New PR Trend: Anti-Gaming TechMeme?

I’ve noticed that PR types are getting very astute with dealing with bloggers lately and getting their wares discussed on TechMeme.

First they’ll call Mike Arrington of TechCrunch. Make sure he’s briefed first (Mike doesn’t like to talk about news that someone else broke first, so they’ll make sure he is always in the first group to get to share something with you all). Then they’ll brief “second-tier” bloggers like me, Om, Dan Farber, Read/Write Web, and a variety of others. Embargo us all so we can’t publish before Mike does. Then they’ll have a party the night of the launch where they’ll get everyone else to come — if they get even a few bloggers to talk about the new thing then it’ll hit TechMeme by midnight.

I usually ignore the PR at this stage of the game. My business doesn’t rely on being first like TechCrunch requires. My most popular video lately was one with Six Apart which didn’t have ANY news. People just like to hear smart people at smart companies discuss where they are going.

But lately I’ve seen a new PR trend. One where companies don’t show their cool stuff to the A-list bloggers in expectation for coverage. Kyte.tv was a good example of this. They just turned on new features last week and let the bloggers discover it organically (when I saw the new features I knew I had to go over and get the scoop).

This didn’t get Kyte onto TechCrunch or TechMeme. But I think it is an interesting stratagy — one of “don’t talk, do.”

On the other hand, I agree with Dave Winer that what Loic Le Meur is doing with Seesmic is brilliant. Loic joins us every evening on Twitter. Hands out invite codes to whoever asks nicely. Then watches our first videos, and puts the best stuff into an edited video.

Loic is playing a PR game at a level that I’ve not seen in these parts.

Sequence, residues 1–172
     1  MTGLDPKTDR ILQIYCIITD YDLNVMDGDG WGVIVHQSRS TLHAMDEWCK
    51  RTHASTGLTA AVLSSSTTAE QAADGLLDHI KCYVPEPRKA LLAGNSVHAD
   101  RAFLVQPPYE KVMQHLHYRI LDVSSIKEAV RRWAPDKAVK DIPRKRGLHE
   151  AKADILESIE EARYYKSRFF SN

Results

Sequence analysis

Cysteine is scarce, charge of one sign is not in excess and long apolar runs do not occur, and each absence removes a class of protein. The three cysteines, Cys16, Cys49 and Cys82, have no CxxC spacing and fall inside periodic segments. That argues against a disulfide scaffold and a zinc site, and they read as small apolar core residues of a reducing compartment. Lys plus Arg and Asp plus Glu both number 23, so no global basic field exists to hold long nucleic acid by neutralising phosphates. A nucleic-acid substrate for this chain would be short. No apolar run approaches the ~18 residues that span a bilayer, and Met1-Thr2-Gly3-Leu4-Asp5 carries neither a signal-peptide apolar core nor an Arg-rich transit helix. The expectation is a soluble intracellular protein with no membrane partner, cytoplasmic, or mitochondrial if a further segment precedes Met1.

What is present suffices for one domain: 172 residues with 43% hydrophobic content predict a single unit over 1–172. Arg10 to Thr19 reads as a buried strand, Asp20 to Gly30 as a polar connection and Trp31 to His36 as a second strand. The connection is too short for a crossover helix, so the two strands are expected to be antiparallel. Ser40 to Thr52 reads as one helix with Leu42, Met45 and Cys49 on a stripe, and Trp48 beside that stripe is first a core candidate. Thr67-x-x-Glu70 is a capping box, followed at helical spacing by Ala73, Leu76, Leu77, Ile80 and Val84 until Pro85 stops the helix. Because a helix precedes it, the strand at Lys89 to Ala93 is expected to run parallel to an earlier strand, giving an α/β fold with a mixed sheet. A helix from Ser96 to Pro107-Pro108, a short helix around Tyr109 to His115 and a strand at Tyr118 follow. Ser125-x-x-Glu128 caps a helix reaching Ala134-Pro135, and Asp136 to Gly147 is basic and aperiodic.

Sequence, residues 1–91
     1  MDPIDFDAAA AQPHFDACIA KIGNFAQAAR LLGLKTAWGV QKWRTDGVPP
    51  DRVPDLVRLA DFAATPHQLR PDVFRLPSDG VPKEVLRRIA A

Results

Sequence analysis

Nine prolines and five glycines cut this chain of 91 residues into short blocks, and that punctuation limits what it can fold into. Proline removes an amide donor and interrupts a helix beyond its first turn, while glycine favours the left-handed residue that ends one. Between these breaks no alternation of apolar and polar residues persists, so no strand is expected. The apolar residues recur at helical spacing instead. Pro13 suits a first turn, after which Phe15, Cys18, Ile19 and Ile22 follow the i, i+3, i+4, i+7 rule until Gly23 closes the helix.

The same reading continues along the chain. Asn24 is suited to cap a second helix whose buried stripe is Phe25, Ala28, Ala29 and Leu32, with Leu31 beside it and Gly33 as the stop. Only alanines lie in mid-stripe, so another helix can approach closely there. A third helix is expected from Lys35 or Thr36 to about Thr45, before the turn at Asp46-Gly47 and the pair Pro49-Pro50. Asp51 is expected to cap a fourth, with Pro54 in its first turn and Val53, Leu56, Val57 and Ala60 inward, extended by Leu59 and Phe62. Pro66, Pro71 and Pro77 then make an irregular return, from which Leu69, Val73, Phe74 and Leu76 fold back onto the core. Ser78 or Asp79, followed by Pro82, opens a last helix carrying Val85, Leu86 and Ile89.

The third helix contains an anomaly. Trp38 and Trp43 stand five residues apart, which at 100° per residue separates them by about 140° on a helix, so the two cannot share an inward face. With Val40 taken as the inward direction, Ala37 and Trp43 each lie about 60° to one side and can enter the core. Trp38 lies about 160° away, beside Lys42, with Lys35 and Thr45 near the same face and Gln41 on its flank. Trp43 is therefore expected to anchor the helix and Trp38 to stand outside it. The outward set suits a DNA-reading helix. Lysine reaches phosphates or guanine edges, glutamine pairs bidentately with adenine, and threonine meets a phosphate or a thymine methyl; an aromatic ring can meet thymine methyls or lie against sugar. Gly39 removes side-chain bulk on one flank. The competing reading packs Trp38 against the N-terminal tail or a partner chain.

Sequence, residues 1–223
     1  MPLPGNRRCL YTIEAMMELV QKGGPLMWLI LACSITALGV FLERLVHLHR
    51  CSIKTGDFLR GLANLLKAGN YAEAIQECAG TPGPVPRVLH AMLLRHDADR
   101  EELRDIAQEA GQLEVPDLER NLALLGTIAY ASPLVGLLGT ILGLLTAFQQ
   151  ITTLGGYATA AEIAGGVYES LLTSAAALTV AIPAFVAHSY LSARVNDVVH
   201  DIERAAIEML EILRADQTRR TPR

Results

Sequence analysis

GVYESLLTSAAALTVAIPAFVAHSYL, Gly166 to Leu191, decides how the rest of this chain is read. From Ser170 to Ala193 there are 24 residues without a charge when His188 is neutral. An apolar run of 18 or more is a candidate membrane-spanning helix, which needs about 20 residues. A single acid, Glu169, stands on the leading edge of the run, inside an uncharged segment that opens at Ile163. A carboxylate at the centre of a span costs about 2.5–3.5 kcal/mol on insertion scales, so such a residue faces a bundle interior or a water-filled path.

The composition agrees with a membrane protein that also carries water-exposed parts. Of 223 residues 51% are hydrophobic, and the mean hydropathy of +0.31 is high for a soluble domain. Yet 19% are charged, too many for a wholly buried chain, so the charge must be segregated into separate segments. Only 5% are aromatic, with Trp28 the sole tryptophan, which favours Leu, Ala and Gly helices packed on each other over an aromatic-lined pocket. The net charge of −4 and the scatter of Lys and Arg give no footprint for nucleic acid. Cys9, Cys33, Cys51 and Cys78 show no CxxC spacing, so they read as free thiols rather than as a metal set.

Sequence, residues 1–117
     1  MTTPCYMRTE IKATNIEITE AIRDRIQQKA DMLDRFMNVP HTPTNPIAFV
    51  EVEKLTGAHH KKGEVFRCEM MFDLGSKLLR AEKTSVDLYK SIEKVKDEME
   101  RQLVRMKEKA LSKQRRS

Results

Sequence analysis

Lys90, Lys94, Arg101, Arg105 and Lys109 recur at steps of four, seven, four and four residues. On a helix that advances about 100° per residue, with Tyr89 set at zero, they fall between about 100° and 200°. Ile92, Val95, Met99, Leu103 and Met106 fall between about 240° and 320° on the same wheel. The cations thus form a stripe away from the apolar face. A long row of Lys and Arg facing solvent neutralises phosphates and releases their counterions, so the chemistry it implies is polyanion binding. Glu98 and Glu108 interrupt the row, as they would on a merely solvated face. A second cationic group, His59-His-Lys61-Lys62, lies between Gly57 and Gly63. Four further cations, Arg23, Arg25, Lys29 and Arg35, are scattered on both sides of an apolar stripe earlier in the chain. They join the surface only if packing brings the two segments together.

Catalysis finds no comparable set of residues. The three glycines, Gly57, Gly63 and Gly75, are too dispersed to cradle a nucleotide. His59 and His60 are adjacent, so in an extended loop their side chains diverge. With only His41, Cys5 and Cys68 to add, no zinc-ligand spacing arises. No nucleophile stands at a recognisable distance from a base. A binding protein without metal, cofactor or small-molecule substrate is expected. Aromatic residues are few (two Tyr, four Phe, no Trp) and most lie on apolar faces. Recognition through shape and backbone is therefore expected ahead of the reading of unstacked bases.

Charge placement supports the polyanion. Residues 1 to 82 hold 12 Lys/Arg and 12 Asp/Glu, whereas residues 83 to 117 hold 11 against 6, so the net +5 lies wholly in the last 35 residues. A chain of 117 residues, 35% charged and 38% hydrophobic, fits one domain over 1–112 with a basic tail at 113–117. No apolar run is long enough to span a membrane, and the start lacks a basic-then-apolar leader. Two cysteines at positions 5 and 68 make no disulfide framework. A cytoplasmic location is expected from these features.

Here’s a fun game: what is PodTech trying to keep off of TechMeme? Hmmm! :-)

Oh, don’t believe that PR is getting astute about getting lots of bloggers to talk? Yesterday I was emailed dozens of press releases. Almost all of which have been discussed by bloggers on my link blog today.

28 thoughts on “New PR Trend: Anti-Gaming TechMeme?

  1. It’s actually worse than that in one sense. Techmeme decides which way it wants to order and aggregate stories. I’ve seen plenty of occasions where stories originated at one place but were 2nd or 3rd ranked at TechMeme in favor of a so-called A-lister.

    The PRs are the smart ones here. They know who will print what and go after them. TC is a no-brainer if they’ll go with the story.

    Selling their soul? When was it any different the moment mega bucks get in the way? That’s why the best mainstream media has an editorial process. Old fashioned and perceived as tainted I guess these days but as readers, you’ve to decide – do I want quality or the 5 second flash?

    If nothing else, this is a good argument as to why TM isn’t the egalitarian site it has claimed. Is and always has been Gabe’s faves.

  2. It’s actually worse than that in one sense. Techmeme decides which way it wants to order and aggregate stories. I’ve seen plenty of occasions where stories originated at one place but were 2nd or 3rd ranked at TechMeme in favor of a so-called A-lister.

    The PRs are the smart ones here. They know who will print what and go after them. TC is a no-brainer if they’ll go with the story.

    Selling their soul? When was it any different the moment mega bucks get in the way? That’s why the best mainstream media has an editorial process. Old fashioned and perceived as tainted I guess these days but as readers, you’ve to decide – do I want quality or the 5 second flash?

    If nothing else, this is a good argument as to why TM isn’t the egalitarian site it has claimed. Is and always has been Gabe’s faves.

  3. Great guidance for us on PR, and good fodder for the tradeoff between crass marketing and the value of blogging to accelerate innovation.

    I’d assert that the spectrum of blogging virtue is
    - lowest end = splogs
    - middle end = semi-corporate blogs like mine
    - medium/high = blogs who survive on the marketing universe like TechCrunch
    - highest end = expert bloggers without a commercial agenda

  4. Great guidance for us on PR, and good fodder for the tradeoff between crass marketing and the value of blogging to accelerate innovation.

    I’d assert that the spectrum of blogging virtue is
    - lowest end = splogs
    - middle end = semi-corporate blogs like mine
    - medium/high = blogs who survive on the marketing universe like TechCrunch
    - highest end = expert bloggers without a commercial agenda

  5. So far I’ve focused all my clients’ outreach efforts on bloggers that we deem influential in their space. I generally don’t pay much attention to TechMeme as a barometer of “success” when it comes to “blogger PR” (a misnomer at best).